Appropriately enough, MGM has emerged from its financial woes with a lion’s roar. The James Bond adventure Skyfall has already brought in over $1 billion at the box office and The Hobbit: An Unexpected Journey is rapidly approaching the $900 million mark. It seems that those twin successes have given the studio the courage to get a few more high profile projects into the pipeline, one of which will be a new version of Lew Wallace’s 1880 novel Ben-Hur: A Tale Of The Christ.
Already filmed by the studio twice, first in 1925 with Ramon Novarro and then again in 1959 starring Charlton Heston, Deadline is reporting that the studio is buying a spec script from The Way Back scripter Keith Clarke that focuses more on a segment of the novel that was skimmed over in the previous two versions. Where the previous films dwelt on the adult rivalry between Jewish prince-turned-slave Judah Ben-Hur and his childhood friend Messala, the film is reportedly much closer to the tale told in Wallace’s novel and touches more on Judah and Messala’s early friendship and how it was shattered, leaving Judah a slave. Deadline also stated that the film will feature more of the parallel between Judah’s life and the life of Jesus.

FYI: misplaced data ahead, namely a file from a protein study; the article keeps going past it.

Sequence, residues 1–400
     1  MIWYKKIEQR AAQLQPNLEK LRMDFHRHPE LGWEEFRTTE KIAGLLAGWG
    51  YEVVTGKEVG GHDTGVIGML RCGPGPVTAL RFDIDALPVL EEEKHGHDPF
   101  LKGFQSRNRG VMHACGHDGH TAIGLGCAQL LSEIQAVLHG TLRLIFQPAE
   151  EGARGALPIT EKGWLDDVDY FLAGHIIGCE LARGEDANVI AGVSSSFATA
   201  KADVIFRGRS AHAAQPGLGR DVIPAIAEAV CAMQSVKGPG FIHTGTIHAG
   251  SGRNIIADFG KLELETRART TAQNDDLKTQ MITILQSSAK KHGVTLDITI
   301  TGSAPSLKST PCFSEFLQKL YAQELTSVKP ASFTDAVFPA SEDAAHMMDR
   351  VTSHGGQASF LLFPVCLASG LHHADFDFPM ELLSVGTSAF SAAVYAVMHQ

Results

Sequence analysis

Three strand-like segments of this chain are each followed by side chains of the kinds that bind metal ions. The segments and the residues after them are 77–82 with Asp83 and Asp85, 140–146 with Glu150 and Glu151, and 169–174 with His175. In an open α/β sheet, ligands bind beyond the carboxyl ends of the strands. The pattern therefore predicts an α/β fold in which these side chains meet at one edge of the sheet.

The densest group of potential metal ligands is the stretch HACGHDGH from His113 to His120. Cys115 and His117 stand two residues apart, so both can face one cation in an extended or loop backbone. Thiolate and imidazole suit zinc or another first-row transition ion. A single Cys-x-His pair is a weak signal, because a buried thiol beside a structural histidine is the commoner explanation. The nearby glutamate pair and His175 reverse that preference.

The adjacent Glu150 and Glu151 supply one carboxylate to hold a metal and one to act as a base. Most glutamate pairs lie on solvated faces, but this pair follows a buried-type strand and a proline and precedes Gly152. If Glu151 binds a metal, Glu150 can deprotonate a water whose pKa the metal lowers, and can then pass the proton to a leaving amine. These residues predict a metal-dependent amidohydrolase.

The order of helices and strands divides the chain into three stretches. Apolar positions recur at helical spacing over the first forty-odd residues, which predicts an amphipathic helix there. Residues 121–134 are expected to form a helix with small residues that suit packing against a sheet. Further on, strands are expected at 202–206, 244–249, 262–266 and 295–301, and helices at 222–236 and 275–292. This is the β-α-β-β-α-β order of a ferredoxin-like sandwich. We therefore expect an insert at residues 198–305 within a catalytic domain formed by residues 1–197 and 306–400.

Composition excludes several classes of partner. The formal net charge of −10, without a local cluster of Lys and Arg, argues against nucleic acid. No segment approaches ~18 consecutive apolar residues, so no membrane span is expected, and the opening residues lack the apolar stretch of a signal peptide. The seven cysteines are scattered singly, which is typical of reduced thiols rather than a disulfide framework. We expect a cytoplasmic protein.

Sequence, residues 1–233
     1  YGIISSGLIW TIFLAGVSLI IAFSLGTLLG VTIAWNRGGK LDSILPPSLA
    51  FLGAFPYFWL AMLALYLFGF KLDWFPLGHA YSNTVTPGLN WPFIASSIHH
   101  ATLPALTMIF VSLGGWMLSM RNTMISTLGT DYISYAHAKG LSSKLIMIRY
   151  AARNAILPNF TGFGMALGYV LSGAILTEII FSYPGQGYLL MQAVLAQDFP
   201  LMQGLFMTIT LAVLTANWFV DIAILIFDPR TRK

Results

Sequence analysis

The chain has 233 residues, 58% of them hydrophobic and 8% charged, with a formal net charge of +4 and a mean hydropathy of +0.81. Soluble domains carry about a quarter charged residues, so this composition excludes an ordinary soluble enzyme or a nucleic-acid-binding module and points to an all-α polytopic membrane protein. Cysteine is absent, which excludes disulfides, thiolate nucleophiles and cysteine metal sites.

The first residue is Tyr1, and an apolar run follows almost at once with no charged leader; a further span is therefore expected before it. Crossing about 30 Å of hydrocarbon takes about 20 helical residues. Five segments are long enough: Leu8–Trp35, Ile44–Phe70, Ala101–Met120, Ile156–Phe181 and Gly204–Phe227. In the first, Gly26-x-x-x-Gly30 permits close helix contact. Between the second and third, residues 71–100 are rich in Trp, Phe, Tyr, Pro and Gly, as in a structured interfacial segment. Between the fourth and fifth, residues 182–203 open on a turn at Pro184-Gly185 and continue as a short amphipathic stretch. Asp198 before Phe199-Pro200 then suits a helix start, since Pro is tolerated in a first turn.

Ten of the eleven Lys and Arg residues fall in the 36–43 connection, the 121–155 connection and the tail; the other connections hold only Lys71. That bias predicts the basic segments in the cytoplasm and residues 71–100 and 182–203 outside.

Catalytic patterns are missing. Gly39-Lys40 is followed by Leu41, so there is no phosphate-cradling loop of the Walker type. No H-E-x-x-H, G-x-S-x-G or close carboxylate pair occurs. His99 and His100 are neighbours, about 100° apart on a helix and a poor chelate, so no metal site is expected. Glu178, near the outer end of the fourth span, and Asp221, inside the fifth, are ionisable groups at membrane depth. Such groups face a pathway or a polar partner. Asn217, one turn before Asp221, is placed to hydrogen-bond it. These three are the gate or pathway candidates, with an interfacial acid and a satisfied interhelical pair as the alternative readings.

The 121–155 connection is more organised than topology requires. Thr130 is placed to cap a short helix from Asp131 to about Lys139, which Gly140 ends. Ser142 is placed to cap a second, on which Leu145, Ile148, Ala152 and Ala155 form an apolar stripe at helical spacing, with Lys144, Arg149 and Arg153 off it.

With a RoboCop remake making its way through post-production right now, it would be easy to accuse MGM of raiding its own vaults for more material, but the novel has been in the public domain for a while.
This new version of Ben Hur joins a handful of other projects that the studio is developing that have roots in classic literature including The Count Of Monte Cristo and Hercules. It also joins the growing list of Bible-related projects being developed around Hollywood including Darren Aronofsky’s forthcoming Noah, the two Moses screenplays that Steven Spielberg and Ridley Scott are said to be interested in and Pontius Pilate, which has Brad Pitt attached to at Warner Brothers.
Both previous versions of the book are considered classics in their own right, but is the studio pushing their luck by hoping that lightening will strike a third time?